Artificial intelligence technologies are no longer the preserve of the big tech and digital platform players of this world. From manufacturing to energy, health care to government, our research shows organizations from all industries and sectors are experimenting with a suite of AI technologies across numerous use cases.
Among the organizations surveyed for this report, 72% had begun deploying AI by 2018, and 87% by 2019. Yet much remains unknown about AI’s real, as opposed to potential, impact. Companies are developing use cases, but far from all are yet bearing fruit. How, business leaders ask, can we scale promising use cases to multiple parts of the enterprise? How can we leverage data, talent, and other resources to exploit AI to the fullest? And how can we do so ethically and within the bounds of regulation?
MIT Technology Review Insights surveyed 1,004 senior executives in different sectors and regions of the world to understand how organizations are using AI today and planning to do so in the future. Following are the key findings of this research:
AI deployment is widespread but will take time to scale. AI is being deployed widely across sectors, but its reach within enterprises is likely to expand slowly. Most survey respondents (60%) expect AI to be used in anywhere from 11% to 30% of their business processes in three years’ time, exercising an important, though not dominant, influence in their operations. Financial services providers, manufacturers, and technology companies have the highest expectations of AI penetration.
Change management and data challenges do most to hinder scaling of AI. Taking AI use cases beyond the pilot stage is far from straightforward for any organization. The surveyed firms struggle most with the change management involved in modifying business processes to leverage AI, a challenge cited by 51% of respondents. Nearly as difficult are data challenges—cited by 48%— chief among which are difficulties integrating unstructured data and interfacing with open-data platforms (problems reported by 57% and 53% of executives, respectively). Respondents’ emphasis on the latter suggests a desire to access external data to feed their AI models.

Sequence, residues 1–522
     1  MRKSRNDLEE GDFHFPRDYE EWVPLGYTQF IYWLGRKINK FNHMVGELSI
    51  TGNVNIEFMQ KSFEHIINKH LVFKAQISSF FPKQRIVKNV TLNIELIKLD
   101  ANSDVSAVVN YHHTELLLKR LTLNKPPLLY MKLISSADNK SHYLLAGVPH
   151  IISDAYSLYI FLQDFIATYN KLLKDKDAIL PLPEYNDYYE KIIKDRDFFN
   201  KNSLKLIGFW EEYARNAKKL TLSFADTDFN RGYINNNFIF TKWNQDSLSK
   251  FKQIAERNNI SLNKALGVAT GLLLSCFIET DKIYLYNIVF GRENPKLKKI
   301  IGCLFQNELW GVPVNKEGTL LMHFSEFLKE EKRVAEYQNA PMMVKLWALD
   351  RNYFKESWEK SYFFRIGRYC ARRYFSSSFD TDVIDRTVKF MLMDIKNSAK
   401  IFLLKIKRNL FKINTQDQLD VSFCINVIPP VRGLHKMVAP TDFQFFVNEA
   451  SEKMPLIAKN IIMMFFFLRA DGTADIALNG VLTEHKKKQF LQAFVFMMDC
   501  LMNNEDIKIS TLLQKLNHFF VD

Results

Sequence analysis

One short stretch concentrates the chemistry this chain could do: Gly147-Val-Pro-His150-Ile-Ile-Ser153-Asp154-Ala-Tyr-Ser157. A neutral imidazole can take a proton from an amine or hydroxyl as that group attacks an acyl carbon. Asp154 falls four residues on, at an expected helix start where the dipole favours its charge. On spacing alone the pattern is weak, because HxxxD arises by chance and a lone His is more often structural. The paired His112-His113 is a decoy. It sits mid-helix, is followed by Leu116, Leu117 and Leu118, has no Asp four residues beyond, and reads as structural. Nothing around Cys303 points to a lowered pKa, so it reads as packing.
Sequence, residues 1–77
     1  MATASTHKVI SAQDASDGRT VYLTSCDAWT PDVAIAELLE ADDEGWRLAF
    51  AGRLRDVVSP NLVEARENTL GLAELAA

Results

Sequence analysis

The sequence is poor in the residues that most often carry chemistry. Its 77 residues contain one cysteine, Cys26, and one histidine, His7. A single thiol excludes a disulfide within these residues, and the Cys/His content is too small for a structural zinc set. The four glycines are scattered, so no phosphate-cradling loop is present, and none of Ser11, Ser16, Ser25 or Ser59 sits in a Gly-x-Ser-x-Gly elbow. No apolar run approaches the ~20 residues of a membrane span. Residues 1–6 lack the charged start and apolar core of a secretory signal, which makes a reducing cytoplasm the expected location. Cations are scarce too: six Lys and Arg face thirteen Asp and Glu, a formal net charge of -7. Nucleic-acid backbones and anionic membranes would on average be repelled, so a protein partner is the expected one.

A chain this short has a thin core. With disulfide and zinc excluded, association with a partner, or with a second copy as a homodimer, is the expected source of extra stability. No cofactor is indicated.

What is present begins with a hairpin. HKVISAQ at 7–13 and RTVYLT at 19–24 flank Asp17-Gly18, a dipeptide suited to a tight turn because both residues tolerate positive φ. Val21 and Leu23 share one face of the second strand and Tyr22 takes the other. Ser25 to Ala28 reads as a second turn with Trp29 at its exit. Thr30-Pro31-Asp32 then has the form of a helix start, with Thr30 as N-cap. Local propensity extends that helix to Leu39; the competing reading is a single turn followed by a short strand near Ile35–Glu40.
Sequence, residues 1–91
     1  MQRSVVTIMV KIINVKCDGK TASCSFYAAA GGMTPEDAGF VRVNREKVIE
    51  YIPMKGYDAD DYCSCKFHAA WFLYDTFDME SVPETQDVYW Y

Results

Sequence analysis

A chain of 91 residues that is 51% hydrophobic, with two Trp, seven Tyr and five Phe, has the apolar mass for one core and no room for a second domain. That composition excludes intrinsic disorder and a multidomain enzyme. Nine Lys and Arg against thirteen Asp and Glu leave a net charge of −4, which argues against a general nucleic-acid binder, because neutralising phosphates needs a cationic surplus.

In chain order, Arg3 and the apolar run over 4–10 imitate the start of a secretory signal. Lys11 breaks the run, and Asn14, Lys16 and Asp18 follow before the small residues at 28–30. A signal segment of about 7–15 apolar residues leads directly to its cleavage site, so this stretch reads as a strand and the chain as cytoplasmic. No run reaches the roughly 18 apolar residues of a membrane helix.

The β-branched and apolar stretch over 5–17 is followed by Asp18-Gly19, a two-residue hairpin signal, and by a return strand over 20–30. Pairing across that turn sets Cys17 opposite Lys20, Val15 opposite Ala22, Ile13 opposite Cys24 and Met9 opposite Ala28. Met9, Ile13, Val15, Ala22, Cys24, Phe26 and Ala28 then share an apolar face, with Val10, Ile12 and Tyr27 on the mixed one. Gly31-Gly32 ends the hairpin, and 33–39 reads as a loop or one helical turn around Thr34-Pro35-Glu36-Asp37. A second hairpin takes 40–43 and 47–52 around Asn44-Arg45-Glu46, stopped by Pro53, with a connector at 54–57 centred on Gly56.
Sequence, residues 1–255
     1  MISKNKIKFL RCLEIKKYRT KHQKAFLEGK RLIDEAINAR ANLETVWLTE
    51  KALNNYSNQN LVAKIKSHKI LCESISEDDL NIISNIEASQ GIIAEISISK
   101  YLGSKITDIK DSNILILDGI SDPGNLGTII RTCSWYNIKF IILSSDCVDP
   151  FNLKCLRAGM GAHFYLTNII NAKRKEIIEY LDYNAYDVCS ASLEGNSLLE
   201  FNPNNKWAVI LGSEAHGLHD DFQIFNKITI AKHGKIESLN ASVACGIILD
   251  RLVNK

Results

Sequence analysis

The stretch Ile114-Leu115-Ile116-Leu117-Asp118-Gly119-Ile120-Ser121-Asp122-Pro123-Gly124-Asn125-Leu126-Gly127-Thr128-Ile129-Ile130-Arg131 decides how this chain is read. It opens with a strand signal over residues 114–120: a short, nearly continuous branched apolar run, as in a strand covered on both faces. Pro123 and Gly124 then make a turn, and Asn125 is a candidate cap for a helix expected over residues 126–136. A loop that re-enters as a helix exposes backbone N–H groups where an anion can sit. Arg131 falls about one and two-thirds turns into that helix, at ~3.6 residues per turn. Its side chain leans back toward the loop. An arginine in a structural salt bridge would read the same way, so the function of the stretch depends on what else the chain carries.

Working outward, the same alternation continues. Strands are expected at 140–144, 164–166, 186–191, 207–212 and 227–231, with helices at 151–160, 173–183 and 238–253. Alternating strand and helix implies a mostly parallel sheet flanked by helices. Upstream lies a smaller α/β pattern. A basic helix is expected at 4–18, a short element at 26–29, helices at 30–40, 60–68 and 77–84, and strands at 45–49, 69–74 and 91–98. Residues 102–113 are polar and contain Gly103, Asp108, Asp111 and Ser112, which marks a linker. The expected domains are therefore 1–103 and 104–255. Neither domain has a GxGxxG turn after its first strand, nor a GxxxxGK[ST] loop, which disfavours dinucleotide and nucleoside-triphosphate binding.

The top AI use cases today are in the areas of quality control, customer care, and cybersecurity. Around six out of 10 manufacturers and pharma companies are using AI to improve product quality. Nearly half of consumer goods and retail firms (47%) are using it in customer care. Over half (51%) of energy firms are leveraging AI for monitoring and diagnostics, 58% of financial services providers for fraud detection, and 52% of tech firms to strengthen cybersecurity.
Currently nascent, data sharing can magnify the impact of AI. Two-thirds (66%) of surveyed firms are willing to share internal data externally to help develop new AI-enabled efficiencies, products, or even value chains. Manufacturers, consumer goods firms, retailers, and health-sector organizations envision benefits to supply chain speed and visibility and reduced time to market for new products. Technology and financial services firms see gains to customer service, cybersecurity, and fraud detection, among other uses. Businesses are still cautious, however, and more clarity is needed in privacy regulation and industry standards, say 64% and 58% of respondents, respectively, before data sharing takes root.
Early AI adopters are benefiting the most, but also have war stories. Firms with the longest experience of using AI are learning by trial and error and ultimately benefiting. Surveyed organizations that first deployed in 2015 are more likely than those deploying later to have seen their AI projects underperform in terms of return on investment (ROI). But the early adopters are also more likely than others to say that ROI has exceeded expectations.